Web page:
Listening and Attention in Late Eighteenth-Century Scotland

Thursday Lecture Series

  • Audience open exclusively to Columbia faculty, students, and invited guests
  • All others interested in attending, please email SOF/Heyman at [email protected].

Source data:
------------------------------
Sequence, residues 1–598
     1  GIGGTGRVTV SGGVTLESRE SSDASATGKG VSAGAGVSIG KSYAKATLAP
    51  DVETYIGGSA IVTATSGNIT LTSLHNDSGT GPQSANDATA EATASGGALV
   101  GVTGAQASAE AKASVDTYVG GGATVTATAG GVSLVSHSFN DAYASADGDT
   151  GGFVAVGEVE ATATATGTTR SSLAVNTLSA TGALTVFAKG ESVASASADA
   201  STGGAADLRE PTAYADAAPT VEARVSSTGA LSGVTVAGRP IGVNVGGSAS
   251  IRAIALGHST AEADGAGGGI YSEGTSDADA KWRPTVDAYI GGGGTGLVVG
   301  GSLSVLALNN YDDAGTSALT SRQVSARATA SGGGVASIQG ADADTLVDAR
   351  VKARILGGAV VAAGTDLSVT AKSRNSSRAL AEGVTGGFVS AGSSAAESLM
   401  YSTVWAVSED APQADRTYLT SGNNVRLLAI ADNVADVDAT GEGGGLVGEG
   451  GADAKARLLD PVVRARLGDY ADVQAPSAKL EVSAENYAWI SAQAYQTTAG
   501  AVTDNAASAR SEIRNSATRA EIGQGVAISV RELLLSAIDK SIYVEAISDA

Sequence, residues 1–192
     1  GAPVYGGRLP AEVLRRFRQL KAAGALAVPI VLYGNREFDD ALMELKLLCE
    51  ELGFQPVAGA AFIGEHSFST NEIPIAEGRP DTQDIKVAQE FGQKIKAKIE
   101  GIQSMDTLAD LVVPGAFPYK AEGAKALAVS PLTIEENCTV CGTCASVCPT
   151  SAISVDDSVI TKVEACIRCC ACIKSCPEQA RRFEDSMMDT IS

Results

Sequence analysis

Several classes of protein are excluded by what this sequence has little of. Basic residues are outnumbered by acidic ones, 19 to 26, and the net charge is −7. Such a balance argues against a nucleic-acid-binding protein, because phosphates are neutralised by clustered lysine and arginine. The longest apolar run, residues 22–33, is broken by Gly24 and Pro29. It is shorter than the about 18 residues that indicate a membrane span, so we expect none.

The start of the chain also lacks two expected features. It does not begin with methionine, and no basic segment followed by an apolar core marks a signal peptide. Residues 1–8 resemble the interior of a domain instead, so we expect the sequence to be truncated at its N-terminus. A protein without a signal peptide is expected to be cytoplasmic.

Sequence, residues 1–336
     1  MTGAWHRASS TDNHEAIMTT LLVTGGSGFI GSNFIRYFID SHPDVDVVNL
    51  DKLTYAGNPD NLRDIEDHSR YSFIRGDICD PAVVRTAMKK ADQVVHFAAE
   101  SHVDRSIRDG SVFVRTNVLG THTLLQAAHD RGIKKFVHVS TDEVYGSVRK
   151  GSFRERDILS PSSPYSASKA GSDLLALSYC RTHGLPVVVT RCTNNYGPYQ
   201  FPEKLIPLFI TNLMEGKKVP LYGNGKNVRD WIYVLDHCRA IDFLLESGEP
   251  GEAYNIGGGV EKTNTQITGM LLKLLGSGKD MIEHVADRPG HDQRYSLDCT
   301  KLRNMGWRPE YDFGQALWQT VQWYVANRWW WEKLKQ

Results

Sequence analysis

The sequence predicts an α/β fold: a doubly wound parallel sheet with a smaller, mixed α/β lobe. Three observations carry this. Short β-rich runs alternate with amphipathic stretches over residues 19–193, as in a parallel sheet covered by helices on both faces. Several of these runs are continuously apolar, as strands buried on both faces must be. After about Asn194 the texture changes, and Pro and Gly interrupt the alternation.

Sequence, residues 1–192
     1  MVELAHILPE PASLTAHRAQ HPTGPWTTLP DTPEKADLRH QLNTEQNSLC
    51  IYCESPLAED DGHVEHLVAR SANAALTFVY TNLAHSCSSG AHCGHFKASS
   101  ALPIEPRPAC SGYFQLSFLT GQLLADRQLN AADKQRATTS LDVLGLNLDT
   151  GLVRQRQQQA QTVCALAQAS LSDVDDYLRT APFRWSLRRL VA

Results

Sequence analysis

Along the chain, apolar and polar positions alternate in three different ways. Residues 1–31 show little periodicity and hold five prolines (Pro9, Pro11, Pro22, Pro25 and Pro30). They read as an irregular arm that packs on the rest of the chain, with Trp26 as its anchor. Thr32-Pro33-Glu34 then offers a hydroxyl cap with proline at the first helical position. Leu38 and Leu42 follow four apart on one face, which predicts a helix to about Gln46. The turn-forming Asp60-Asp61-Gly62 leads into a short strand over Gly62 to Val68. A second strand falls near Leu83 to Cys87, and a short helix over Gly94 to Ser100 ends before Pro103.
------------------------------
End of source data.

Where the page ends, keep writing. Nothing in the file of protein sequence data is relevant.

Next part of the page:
In his essay Of the Nature of that Imitation which Takes Place in What Are Called the Imitative Arts (1777 / 1795), Adam Smith famously described instrumental music as engaging a specific mental faculty: “by the sweetness of its sounds it awakens agreeably, and calls upon the attention [and] by their connection and affinity it naturally detains that attention.” According to Smith, this task could “occupy, and as it were fill up, completely the whole capacity of the mind, so as to leave no part of its attention vacant for thinking of any thing else.” Many scholars have regarded Smith’s approach to attention and instrumental music as articulating an early aesthetic of absolute music (e.g. Seidel 2003; Bonds 2014). This talk suggests that, when viewed within the context of eighteenth-century music theory, Smith’s comments also reflect a contemporaneous Scottish fascination with the role of attention in structuring auditory perception.